Now, as they (the images) are ‘keys’, and he says they need only be binary (black and white), so colour has no impact on their function (their geometry gives the uniqueness, thus there can be maaaaaaany of them.), therefore, I guess they will still work, even if hacked with some poor ‘photoshopping‘ gimping.
Exploring the idea of keys having personalities, to the point where you don’t need the physical ‘key’.
Kind of like the ‘book people’ in Fahrenheit 451.
QR codes don’t really do it for me. They need to have more ‘personality’. Though I do like the term paper storage. Did you know you could get video encoded into coloured QR codes? You can, you know. Not available yet though.
As much as I liked pixelated animations, it takes some extremes to work in a (full functioning) QR code.
Here’s some photos.
What a wonderworld that must be, if they could all live in a Truman show kind of thing.
Clear characters, with purpose in life, looking for friends, happy to help and eternally young.
It could be a world where brands could bred freely.
Could a multi-branded version of Spore, the new eagerly awaited game from EA, be educational or really annoying? (<- use this link if the video below has given up the game.)
See, a platform like reactivision, affords many, many, maaaaaaaaaany clear characters to exist, with purpose in life, looking for friends, happy to help and eternally young.
Platforms inspire a million characters, if they have a clear purpose within the context.
But, these characters are roles, if they have purpose. Roles are agents conspiring to bring conformation through differentiation; the fiducial teddy bears are the affordance of the platform; conformed in geometry logic, diversified through irrationalities.
The benefit to this: transmission.
Finding friction free, high capacity storage ‘objects’, needs for one thing – be able to transmit.
Technology is a real time story, looking to make objects that transmit.
Objects, that receive is not a request of technology, or any facate of craft, but a burden of language.
Language doesn’t learn to be better, users adjust it to work within changing frameworks.
To store changes, we have to extend language to work as containers, to which we can place ‘understandings’.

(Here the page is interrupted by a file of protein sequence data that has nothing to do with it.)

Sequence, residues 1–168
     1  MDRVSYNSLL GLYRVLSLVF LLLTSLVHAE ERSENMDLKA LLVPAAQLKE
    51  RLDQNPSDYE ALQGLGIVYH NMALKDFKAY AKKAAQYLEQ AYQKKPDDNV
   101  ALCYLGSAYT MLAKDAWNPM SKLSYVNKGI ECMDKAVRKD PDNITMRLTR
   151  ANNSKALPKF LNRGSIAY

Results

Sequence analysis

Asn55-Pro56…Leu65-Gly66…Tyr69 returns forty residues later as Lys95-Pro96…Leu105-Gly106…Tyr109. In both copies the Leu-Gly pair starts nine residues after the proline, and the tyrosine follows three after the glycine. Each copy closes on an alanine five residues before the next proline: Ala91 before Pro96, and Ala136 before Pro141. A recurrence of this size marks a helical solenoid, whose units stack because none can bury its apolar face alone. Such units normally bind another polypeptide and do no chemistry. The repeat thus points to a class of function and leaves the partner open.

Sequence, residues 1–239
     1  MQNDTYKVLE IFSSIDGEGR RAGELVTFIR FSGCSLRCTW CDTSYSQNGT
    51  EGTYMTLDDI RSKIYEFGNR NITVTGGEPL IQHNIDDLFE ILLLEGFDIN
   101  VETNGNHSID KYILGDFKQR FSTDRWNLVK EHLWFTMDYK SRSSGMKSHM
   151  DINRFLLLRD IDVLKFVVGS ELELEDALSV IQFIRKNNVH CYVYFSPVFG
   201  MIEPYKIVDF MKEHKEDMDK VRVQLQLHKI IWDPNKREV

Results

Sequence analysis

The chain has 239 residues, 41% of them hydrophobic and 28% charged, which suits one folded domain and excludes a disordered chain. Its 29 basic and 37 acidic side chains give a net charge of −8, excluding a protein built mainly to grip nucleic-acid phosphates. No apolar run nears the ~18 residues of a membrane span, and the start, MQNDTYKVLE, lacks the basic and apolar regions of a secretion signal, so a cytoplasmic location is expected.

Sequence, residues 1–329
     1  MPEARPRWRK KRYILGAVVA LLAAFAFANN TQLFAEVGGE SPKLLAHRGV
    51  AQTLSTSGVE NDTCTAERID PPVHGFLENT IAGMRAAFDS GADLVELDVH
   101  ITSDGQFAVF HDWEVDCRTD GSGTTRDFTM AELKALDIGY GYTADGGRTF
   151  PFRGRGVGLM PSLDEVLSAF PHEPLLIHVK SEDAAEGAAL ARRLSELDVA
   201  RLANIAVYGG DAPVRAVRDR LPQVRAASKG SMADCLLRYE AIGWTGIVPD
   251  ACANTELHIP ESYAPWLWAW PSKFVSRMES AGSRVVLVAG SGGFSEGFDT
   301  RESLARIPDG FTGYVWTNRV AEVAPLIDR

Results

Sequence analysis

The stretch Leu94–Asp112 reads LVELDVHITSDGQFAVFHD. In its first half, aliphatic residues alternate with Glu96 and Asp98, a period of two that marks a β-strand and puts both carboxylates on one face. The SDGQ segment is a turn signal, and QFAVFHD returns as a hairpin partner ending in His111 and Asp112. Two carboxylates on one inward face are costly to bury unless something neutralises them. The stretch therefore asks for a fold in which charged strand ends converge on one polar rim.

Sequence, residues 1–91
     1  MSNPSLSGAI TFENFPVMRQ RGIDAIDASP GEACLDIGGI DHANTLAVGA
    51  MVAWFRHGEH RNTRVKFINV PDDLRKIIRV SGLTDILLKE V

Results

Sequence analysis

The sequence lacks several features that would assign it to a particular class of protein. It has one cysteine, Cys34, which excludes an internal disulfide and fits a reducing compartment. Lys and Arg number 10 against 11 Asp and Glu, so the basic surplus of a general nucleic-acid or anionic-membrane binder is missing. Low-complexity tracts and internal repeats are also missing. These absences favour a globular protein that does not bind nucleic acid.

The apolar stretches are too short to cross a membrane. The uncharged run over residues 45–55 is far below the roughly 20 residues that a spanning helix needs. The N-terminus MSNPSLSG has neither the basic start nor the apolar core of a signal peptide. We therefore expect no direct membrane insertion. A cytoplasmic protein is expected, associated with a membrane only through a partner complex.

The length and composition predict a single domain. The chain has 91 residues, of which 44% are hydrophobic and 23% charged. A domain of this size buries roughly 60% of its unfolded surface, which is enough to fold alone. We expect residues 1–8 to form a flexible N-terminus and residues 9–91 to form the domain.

We create languages to store objects that relate; sub-languages such as slang, is used within peer groups, who want to describe ‘understandings’ in their social-economic contexts.
The relationship between language and object, is technology – the crafting – the act of transmission is a scribe within the objects construct. Technology gives us a timestamp to decode the relationships between objects, but cant itself create languages. Technology may give us daily, monthly, yearly, new parameters for ‘creating’, but the ability to create ‘storage’ objects comes from the limitations of expression within time.
Could it be possible to make zillions of boxes, and automate the storage of things as they ‘appear’ to us?
Without an understanding of surface, a complete understanding or the properties of the perception plane, the answer is no. The translation of ‘insight’ to the ‘physical’ requires a mapping of time to material – unless we can find ways of making things outside a linear production model. Open Source, which you may not consider a linear production model, is just that. Although all the tributaries flowing into a single build, the linearity occurs at the ‘gateway’.
It’s because things are not divisible by things. Everything is estimate; precision lies.
Although storage is amenable to the most awkward items, it handle infinite variants very well.
As soon as a wrapper is applied to an object, the immediate context changes and thus invokes the story of the relationship between the storage and the contents.
This relationship is the root of the factoid, the point where fabrication and digestion of the narrative’s objects commences, unleashing it’s trivium. Because you apply a language to something, you are creating the relationship.
Another Thomas Ruff.
Note the jaggy jpg compression tearing (the pixelation), that’s intended. These are huge digital prints, made up of recursive colouring of the pixels. Here’s some more, so you get the idea. (I saw these in NYC last November, and feeling blown away by them.)
Both these artists studied under the Bechers , who did lots of this:-
It’s why this campaign is more than an advert. It’s demonstrating personalised recursive storage. The creative multiples the storage of the media space. Spaces within spaces within spaces, all ‘humanised’.
Check out the London underground carriage posters – they all have 3 ‘hidden’ smiles. Brilliant recursive design.
Using anthropomorphic storage platforms enables us to see ‘things’ as people and relationships.
We can engage in these relationships as we would people – on our own terms, our own language systems, our own arguments attended to.
A world of relationships, seen not as things.
A technology of stateless storage, recursively designing, producing and distributing relationships, for personal gain.
Which takes us into the uncanny valley.
An anthropomorphic system that responds with authenticity, requires a depth of experience that equates, not betters, the human relationship. Importantly, feedback time is critical to authenticity. The space of time that something is not doing something indicates factors of the transmissions.